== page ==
“I think he has a good chance [to get the job full-time],” Taylor said. “It’s like everything, we’re going to wait until we play out these last 20-some games and I think we’ll know and he’ll know at that time if it works out. But he is off to a good start.

“I would just say I really like him as a person. I have known him since he was a young man, and I am really pleased with how he is starting out coaching this team.”

What aspects of Saunders’ coaching style has he liked so far?

“I think his relationship with the players that he is establishing one-on-one,” Taylor said. “… He is willing to use everybody on the bench and try different things. I think those are a couple of things that I really like. I have just seen that he has changed some of the plays so that they’re very effective when [the team] comes in from timeouts or quarter breaks.”

Attendance increases

Another positive trend early during Saunders’ tenure has been an increase in attendance. The Wolves averaged 14,765 fans per game in 21 home contests with Thibodeau and have averaged nearly 800 more fans per contest with Saunders at 15,511 fans per game in 10 home contests.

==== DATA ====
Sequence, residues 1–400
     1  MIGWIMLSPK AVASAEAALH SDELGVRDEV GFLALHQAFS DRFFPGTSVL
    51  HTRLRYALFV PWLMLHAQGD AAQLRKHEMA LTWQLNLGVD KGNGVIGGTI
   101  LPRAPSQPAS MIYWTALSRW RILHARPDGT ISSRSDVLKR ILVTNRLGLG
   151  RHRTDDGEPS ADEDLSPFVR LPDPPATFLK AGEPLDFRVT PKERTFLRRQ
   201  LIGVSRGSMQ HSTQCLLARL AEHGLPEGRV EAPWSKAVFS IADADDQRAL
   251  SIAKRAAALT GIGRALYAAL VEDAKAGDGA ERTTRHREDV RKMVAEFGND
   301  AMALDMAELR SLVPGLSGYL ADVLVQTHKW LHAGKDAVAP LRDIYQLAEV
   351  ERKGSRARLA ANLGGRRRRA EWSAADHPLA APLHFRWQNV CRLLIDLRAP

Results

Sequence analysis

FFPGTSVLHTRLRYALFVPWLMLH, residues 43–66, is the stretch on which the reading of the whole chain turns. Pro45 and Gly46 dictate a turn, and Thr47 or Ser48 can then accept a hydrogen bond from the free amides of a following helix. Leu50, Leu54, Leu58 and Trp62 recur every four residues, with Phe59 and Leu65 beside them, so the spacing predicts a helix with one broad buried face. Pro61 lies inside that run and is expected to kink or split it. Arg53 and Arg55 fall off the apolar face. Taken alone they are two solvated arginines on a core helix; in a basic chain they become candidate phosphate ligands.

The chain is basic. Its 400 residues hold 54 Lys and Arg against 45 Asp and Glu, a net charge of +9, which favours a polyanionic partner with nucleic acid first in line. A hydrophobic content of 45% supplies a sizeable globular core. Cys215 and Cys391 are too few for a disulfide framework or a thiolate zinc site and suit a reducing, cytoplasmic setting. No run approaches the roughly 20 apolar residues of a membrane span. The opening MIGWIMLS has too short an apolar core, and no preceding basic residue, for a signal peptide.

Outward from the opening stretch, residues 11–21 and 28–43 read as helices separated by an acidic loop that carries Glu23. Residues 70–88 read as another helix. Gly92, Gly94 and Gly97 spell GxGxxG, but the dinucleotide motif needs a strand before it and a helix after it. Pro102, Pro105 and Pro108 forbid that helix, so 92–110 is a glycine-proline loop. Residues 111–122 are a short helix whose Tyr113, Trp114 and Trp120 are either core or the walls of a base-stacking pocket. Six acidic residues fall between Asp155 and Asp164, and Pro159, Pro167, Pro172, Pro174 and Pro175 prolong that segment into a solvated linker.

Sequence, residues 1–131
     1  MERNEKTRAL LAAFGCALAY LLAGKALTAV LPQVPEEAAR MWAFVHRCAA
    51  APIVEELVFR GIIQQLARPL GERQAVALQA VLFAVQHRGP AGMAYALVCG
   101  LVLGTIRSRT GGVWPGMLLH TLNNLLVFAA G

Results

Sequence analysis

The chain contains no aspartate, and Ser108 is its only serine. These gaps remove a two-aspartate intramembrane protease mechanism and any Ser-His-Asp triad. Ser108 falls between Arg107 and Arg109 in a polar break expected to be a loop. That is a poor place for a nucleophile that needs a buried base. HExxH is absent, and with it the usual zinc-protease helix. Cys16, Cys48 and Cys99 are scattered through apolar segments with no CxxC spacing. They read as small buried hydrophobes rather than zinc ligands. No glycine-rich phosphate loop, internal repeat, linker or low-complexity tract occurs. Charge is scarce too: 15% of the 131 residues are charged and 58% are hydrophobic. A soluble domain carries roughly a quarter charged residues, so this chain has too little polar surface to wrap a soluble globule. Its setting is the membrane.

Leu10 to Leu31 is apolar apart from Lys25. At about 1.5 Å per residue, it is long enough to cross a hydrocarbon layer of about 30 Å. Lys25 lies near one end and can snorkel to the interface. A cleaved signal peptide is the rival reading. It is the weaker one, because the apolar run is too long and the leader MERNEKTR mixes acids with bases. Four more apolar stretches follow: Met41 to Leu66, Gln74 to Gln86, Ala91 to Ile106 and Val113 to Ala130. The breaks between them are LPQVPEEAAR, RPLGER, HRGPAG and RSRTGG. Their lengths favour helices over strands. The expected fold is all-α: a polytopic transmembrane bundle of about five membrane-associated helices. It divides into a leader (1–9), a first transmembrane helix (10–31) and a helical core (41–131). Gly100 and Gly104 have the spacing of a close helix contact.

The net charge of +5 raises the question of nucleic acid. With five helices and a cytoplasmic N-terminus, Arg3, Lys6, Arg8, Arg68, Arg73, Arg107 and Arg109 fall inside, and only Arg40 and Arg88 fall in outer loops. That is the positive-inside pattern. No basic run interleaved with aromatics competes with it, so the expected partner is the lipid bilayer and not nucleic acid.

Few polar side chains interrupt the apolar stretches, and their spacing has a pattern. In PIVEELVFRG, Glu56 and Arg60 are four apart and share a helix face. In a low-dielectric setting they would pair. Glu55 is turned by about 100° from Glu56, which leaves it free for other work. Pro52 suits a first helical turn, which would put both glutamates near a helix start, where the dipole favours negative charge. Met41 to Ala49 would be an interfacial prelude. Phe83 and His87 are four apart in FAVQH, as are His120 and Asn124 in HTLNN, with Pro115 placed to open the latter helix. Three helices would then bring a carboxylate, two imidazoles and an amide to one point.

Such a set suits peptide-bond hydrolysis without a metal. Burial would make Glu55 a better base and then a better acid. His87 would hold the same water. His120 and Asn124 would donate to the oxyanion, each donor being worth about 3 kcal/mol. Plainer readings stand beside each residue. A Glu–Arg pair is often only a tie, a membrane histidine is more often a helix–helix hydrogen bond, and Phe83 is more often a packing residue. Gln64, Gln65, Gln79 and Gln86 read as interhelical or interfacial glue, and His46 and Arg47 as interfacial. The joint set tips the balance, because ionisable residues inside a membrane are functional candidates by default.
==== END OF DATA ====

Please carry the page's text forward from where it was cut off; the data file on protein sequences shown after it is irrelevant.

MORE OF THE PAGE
“I think not only is he popular with me, but I think being a local young man and the relationship obviously goes back to Flip [Saunders, former Wolves coach and Ryan’s father],” Taylor said. “We all had such warm feelings about Flip, and I think that carries over to his family.”

Salary cap questions

The Timberwolves’ biggest question heading into next season is they have $110 million allocated to nine players, including $27.5 million for forward Andrew Wiggins and $27.3 million to center Karl-Anthony Towns.

“It is stretched a little bit just because of Karl and Wiggins’ salary,” Taylor said. “They both will be on the max next year. That uses up a lot of it. Then we have [guard] Jeff Teague; we’ll have to wait and see what Jeff decides because he has an option [for $19 million]. We have to wait and see.”

The Wolves have veterans Derrick Rose, Taj Gibson, Luol Deng, Anthony Tolliver and Jerryd Bayless moving into unrestricted free agency. Does Taylor want them back?